Oil Smuggling out of Basra

The part that really angers me , is DM and others had and demonstrated a solution for this in the immediate aftermath. I may have the timeline wrong, but didn't the CPA tell us we couldn't do things along the lines we'd been told we'd were there for in the first place?

Net result, local 'mafias' filled the void. Quelle suprise.
Von-Ryan said:

So we've really made a dent on this business then?
The interesting part (for me) is that this has been known about for a long time. But it doesn't make news.

Is that censorship, or crap reporting or both?

I think it's about crap reporting: too many journos with Sven Syndrome (Right War/Wrong Reasons = Anything Goes).

Ask yerself who is making £££ out of these smuggling ops?

Nobody with any interest in the governance of Iraq, or any part of thereof would have any interest . . . . obviously . . .

It fecking reeks. 8)

And no British soldier should die for it.
The CPA were utterly corrupt Pongo. There's been no metering of how much of the stuff has been coming out of the ground since we got there. This has been deliberate.
I saw a very damn fine Officer from my Regiment get a grip there Goodkurtz, a proper enlightened grip.

There are others much closer to Arrse who did similar. My understanding , is they were told to wind their necks in.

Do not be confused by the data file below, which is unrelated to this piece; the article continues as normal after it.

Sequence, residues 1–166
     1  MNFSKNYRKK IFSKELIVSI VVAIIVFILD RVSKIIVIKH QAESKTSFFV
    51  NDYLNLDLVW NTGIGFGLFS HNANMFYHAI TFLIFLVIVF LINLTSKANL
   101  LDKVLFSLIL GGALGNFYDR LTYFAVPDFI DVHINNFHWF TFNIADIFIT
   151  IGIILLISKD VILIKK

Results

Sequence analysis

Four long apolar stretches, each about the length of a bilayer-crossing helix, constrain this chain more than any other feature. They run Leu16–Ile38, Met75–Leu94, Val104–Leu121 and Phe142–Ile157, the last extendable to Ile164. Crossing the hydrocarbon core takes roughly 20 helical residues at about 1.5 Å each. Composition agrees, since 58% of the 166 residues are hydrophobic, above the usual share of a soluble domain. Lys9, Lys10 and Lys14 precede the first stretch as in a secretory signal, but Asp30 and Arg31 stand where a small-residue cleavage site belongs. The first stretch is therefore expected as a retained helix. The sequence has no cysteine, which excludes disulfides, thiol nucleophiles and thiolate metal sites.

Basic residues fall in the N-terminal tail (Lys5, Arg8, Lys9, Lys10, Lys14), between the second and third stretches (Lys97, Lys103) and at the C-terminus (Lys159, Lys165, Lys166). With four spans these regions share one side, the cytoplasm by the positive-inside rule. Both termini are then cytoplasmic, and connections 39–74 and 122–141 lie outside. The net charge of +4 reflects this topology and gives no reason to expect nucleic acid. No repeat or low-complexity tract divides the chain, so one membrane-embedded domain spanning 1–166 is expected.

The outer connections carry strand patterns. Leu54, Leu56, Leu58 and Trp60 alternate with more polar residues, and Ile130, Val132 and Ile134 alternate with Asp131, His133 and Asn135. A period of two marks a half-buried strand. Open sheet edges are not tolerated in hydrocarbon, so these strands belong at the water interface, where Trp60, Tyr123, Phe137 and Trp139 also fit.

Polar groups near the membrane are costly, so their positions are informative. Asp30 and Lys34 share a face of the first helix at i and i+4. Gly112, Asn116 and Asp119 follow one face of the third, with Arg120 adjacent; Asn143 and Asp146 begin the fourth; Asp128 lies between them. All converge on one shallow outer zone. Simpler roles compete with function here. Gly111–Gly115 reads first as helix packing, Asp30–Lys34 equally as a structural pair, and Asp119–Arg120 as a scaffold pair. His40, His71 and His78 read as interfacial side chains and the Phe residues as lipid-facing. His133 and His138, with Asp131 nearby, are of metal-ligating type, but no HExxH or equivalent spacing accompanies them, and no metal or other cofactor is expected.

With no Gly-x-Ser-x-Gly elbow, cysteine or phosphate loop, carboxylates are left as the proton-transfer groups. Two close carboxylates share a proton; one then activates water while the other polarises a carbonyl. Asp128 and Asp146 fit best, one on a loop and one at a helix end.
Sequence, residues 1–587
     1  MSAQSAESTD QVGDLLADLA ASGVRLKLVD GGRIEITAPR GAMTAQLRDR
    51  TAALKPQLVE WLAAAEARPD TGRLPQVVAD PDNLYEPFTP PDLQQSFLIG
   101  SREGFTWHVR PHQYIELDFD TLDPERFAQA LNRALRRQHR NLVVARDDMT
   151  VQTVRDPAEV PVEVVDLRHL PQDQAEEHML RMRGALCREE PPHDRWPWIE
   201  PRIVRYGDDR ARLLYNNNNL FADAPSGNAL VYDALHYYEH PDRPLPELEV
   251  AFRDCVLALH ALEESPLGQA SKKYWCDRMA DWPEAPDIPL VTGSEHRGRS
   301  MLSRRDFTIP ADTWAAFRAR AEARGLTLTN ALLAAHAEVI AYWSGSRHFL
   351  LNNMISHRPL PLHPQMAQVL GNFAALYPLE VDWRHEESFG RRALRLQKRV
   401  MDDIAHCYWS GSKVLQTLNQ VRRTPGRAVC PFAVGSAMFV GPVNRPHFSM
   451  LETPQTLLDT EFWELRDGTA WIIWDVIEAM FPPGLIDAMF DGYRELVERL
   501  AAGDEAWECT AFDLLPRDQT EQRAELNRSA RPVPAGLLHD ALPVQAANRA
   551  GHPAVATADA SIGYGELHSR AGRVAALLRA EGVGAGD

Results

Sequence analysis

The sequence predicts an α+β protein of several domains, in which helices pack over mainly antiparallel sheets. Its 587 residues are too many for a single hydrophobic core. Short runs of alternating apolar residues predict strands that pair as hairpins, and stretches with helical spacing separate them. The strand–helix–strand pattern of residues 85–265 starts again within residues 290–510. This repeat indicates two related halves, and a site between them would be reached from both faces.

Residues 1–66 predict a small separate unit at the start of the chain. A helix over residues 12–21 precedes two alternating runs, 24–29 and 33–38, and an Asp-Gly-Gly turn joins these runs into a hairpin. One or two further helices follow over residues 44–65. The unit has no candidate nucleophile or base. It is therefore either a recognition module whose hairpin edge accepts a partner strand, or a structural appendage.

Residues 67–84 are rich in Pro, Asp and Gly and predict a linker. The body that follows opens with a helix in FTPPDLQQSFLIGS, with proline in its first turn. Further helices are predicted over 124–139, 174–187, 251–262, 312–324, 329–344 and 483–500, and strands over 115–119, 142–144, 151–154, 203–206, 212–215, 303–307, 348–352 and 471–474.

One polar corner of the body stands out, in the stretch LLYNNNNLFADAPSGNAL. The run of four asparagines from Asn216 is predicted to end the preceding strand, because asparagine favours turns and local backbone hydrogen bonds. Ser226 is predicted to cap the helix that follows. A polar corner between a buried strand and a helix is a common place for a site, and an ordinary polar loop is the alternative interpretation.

This was a case of British Officers doing everything we expect of them, and being told no. I do not know the reasons why , but I know the aftermath.
Oh I don't doubt you at all pongo. I know lots of British service people and Americans would have been of good heart, energy and initiative trying to help the Iraqis. It is one of the crying shames in the veritable waterfall of crying shames that is Iraq that at every turn the efforts of the good would have been underminded deliberatly by the powerful and the bad. Did you read the story of the U.S Lt. Col's posted by Stonker on the Bagdad thread?

One of the casualty lists not compiled, recorded and published monthly is the death and serious injury to idealism and good will in the hearts of men that happens with monotonous regularity with the cycle of each day.

Its a feature that of course happens in all wars, but in dishonest ones that kind of damage will happen all the quicker and be all the greater.
I echo PTP's earlier comments.

This situation has been allowed to happen, with the compliance of the CPA. I guess the question is whether this compliance was tacit or explicit?

As Iraqi oil installations came under British "control" during TELIC, key figures were well aware, that the resources to "secure" oil assets, were simply not there. It was also well known, that especially in Southern Iraq, that Shia tribes (some named in the Guardian article) had well established mechanisms for smuggling oil out of the Basra terminal area.